[Wikipedia uses the term “third person subjective” for alternating single viewpoint characters.]

  2. Camera-eye third person (also known as third-person objective, observer-in-the-corner, third-person-impersonal, fly-on-the-wall, third person indirect, camera-on-the-shoulder, [third person dramatic], etc.). In camera-eye third person, the narrator does not give the reader anyone’s thoughts or emotions. The writer just describes expressions and actions, provides dialog and tone of voice – the stuff that a camera or observer could see, and nothing more. Sometimes the writer’s “camera” sits on one particular viewpoint character’s shoulder; sometimes it’s further away, or changes focus; but it always shows only what is happening from the outside.

  3. Third person omniscient [a.k.a. “all-knowing narrator”, a.k.a. just “omniscient” — what one might irreverently call “G-d perspective”, Ed.], in which the narrator is an invisible character who knows everything that has ever happened or will ever happen and everything that anyone is thinking or feeling, and who can report as much or as little of this as seems appropriate.

In case this wasn’t obvious, most classic works of literature were historically written in third person omniscient. And in fact it is still widely used to great effect. But yes, there is intrinsically a bit more ‘distance’ from the characters — which may be a bug or a feature, depending.

And then there’s alternating persons. One variant, alternating first person, is fairly common in genre romances: the narrator voice switches back and forth between the two sides of the relationship, usually at chapter breaks or at most at scene breaks. Some indication is needed to see which character’s side of the tale we are told: simply putting their name in italics atop the chapter/scene seems to work reasonably well.

Rarer, and to many readers disorienting, is alternation between first persons and a third-person narrator. I have seen this used to great effect, but it strikes me as the literary equivalent of a Jack Russell Terrier (or its American cousin, the Rat Terrier): I couldn’t imagine a better dog than mine, but they are not for first-time dog owners.

There are additional modes of telling a story. A fairly old one is the epistolary novel, which first became popular in the 18th century — Dangerous Liaisons and The Sorrows of Young Werther come to mind. The tale is told through a sequence of letters, documents, newspaper articles… sometimes interspersed with small connecting passages. In a contemporary or futuristic novel, Email messages, blog posts, instant messaging chats,… can be used in a similar fashion. In fact, limited inclusion of epistolary material can greatly enrich a first-person or third-person tale: consider, for instance, the quotes from the fictional Encyclopedia Galactica in Asimov’s Foundation trilogy, or the ‘book within a book’ The Theory And Practice Of Oligarchic Collectivism  inside Orwell’s immortal Nineteen Eighty-Four.

At the end of the day, of course, there is no single answer: whatever gets the tale told most compellingly works.

The Great Realignment by Nitay Arbel

[Another guest post at Sarah Hoyt’s place]

According To Hoyt

*Nitay had sent me this post before I did yesterday’s, and he thought it had been rendered obsolete by yesterday’s post.  I think rather, it is a good complementary post, showing I’m not air-dreaming. The symptoms are there.*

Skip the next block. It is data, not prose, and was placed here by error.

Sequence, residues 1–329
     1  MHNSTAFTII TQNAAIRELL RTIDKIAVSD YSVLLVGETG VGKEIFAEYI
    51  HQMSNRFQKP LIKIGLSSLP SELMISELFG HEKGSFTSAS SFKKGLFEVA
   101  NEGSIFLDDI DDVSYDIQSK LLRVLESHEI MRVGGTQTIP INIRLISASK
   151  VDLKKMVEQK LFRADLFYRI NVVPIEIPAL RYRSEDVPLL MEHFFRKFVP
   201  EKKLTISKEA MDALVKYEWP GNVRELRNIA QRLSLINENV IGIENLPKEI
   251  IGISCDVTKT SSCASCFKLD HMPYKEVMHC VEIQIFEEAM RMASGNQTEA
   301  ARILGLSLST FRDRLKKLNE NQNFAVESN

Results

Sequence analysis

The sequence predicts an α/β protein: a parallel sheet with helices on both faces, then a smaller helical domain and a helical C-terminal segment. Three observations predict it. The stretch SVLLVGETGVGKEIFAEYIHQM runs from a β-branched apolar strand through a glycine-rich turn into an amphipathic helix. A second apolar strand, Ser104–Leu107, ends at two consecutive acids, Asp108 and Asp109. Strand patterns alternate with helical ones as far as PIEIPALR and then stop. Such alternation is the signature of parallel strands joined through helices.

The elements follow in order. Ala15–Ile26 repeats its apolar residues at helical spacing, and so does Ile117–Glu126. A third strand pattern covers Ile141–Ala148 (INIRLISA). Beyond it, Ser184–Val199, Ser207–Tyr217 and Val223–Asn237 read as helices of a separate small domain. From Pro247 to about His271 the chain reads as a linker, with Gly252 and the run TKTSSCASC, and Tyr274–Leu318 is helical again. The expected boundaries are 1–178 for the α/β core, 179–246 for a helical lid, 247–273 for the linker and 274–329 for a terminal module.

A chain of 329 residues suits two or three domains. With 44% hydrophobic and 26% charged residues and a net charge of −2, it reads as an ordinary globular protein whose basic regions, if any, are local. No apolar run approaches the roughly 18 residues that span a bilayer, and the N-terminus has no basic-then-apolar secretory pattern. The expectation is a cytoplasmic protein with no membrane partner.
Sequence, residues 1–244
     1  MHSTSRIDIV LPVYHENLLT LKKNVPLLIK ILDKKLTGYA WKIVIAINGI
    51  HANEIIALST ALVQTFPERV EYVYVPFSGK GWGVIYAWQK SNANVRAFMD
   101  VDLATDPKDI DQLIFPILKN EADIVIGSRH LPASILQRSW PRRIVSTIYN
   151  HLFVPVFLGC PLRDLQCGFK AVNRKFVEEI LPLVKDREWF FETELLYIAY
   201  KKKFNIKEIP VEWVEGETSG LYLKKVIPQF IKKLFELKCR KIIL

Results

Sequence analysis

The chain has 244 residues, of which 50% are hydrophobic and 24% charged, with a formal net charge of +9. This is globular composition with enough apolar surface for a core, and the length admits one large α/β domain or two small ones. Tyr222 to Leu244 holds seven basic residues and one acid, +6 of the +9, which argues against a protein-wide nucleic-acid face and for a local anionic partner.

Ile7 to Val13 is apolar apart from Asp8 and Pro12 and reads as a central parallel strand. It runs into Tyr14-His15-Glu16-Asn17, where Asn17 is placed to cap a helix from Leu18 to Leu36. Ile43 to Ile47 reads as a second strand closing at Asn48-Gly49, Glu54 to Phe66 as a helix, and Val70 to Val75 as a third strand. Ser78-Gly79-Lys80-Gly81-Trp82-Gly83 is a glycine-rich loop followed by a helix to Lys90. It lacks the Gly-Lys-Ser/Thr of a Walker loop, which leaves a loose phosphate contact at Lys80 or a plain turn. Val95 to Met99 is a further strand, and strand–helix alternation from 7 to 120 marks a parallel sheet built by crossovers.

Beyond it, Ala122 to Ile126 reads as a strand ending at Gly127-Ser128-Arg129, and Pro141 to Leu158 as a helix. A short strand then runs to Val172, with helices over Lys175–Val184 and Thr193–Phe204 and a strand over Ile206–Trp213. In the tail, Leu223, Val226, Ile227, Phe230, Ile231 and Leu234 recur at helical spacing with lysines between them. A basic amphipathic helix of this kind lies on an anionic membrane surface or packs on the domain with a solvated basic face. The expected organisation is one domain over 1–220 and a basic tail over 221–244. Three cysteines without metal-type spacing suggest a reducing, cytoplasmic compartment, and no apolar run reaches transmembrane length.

The Great Realignment  by Nitay Arbel

“Masgramondou” shared a most interesting article: about Theresa May in the UK, about whom he is about to post on his blog


In its very opening sentence, the article strikes a chord that resonates much more broadly than the UK:

Forget left and right — the new divide in politics is between nationalists and globalists. Donald Trump’s[..] nationalist rhetoric on everything from trade to global security enabled him to flip traditionally Democratic, blue-collar states and so to defeat that personification of the post-war global order, Hillary Clinton.

The presidential election in France is being fought on these lines, too. Marine Le…

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Of heaps of stones, facts, or words — a guest post by Nitay Arbel

My guest post at the writer’s blog Mad Genius Club.

The Scientist must put things in order. Science is built of facts, as a house is built of  stones [and a book of words]. But a collection of facts is no more a science than a heap of stones is a house [or a stream of words a book].
(Henri Poincaré.)



Of heaps of stones, facts, or words — Nitay Arbel

Thus spake our Beautiful but Evil Space Mistress’s sensei in “The Notebooks of Lazarus Long”:

What are the facts? Again and again and again — what are the facts? Shun wishful thinking, ignore divine revelation, forget what “the stars foretell,” avoid opinion, care not what the neighbors think, never mind the unguessable “verdict of history” — what are the facts, and to how many decimal places? You pilot always into an unknown future; facts are your single clue. Get the facts!

Amen. It is impossible to do science (or engineering) without facts, just as it is impossible to write a book without words. But are facts all that is needed? Or for that matter, are words all that is needed to write a book?

Robert Heinlein always liked Renaissance (wo)men, and had he ever met the French polymath Henri Poincaré…